Wildlife Crime

Wildlife Crime – CITES

Independently, and with partners from the Species Survival Network (SSN), DSWF works on various wildlife trade issues sending qualified representatives to international meetings to lobby on issues such as the illegal trade in ivory and compliance and enforcement issues.

We fund an expert team that includes Dr Roz Reeve, one of the most respected and experienced environmental lawyers involved in this field, who specialises in enforcement and compliance and represents DSWF at the highest level of international engagement.

About CITES:

The international trade in wild animals and plants is worth billions of dollars every year, and is having a serious impact on species survival. The Convention on International Trade in Endangered Species of Wild Flora and Fauna (CITES) is a United Nations international agreement between governments, providing varying levels of protection for species that are, or may be, in danger of extinction from international trade. 183 member countries meet every three years for the CITES Conference of Parties (CoP) to debate trade Proposals by its member parties. CITES places ‘at-risk’ species in two main categories: Appendix I which imposes a commercial trade ban and Appendix II which monitors and regulates trade.

Endangered wildlife trade is a low priority for many governments. But without CITES, it would be a free-for-all. Many mechanisms have been developed under the treaty to combat illegal wildlife trade and to persuade countries to comply with controls such as bans on commercial trade in rhino horn, tiger parts and elephant ivory.

Other issues that have been of particular interest are the continued controversial decisions to allow one-off trade sales in ivory, which DSWF opposes. DSWF also works on other specific species proposals relating to wildlife trade, the status of species and their protection.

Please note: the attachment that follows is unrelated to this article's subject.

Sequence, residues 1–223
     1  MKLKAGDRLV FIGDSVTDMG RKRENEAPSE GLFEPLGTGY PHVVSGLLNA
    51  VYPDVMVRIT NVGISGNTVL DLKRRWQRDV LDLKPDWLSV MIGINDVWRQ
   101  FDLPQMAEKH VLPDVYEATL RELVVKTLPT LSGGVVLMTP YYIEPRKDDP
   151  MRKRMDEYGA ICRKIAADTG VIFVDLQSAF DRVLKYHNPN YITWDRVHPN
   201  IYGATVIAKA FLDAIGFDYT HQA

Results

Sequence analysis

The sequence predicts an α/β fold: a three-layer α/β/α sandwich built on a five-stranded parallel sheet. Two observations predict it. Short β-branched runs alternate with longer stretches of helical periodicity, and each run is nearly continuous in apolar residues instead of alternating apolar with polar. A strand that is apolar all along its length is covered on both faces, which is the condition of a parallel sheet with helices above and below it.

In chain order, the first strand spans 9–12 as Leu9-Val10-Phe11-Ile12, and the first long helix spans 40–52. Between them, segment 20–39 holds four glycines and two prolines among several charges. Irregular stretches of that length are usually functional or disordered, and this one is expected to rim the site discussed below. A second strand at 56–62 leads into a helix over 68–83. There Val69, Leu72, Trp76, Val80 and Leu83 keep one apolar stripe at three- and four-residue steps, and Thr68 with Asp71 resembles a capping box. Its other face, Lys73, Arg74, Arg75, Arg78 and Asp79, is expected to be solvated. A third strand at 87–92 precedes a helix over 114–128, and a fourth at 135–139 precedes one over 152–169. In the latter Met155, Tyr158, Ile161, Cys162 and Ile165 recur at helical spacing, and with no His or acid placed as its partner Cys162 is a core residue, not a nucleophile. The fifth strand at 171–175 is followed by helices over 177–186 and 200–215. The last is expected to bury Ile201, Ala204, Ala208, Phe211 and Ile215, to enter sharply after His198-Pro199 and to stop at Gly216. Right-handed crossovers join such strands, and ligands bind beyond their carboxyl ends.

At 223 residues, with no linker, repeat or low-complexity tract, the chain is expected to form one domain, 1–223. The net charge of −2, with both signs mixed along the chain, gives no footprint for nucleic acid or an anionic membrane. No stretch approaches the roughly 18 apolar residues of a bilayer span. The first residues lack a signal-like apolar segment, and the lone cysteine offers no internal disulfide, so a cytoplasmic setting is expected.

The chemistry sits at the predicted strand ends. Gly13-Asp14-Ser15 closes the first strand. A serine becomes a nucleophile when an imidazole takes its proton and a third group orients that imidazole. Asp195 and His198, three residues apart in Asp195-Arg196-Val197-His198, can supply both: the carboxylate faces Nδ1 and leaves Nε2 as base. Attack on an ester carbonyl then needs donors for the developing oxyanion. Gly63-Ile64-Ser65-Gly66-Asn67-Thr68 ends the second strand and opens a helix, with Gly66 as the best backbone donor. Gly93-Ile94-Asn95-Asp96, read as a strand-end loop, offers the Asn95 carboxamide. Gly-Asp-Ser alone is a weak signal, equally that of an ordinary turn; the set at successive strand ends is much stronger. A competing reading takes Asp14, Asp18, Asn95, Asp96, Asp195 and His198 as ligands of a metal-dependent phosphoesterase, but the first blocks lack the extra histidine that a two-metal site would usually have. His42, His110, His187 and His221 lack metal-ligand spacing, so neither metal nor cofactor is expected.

In 2016 DSWF attended the Conference of Parties in South Africa recommending that CITES members support and adopt the following proposals which have been submitted by the African Elephant Coalition:

1. Listing all elephants in CITES Appendix I – affording elephants the highest protection under international law by transferring the populations of Botswana, Namibia, South Africa and Zimbabwe from CITES Appendix II to Appendix I, unifying all range states in a universal listing that bans international trade and ends the current split listing.
2. Closure of domestic ivory markets for commercial trade in raw and worked ivory. Domestic markets currently enable laundering of poached ivory under the guise that it is antique, ‘pre-Convention’ or otherwise legally acquired.
3. Closure of the markets is essential to complement an Appendix I listing and would reduce opportunities for the illegal trade.
4. Ivory stockpile destruction and management to ensure that there is no stockpiled ivory to be sold.
5. Restricting trade in live elephants – ending the export of African elephants outside their natural range including to zoos and other captive facilities overseas.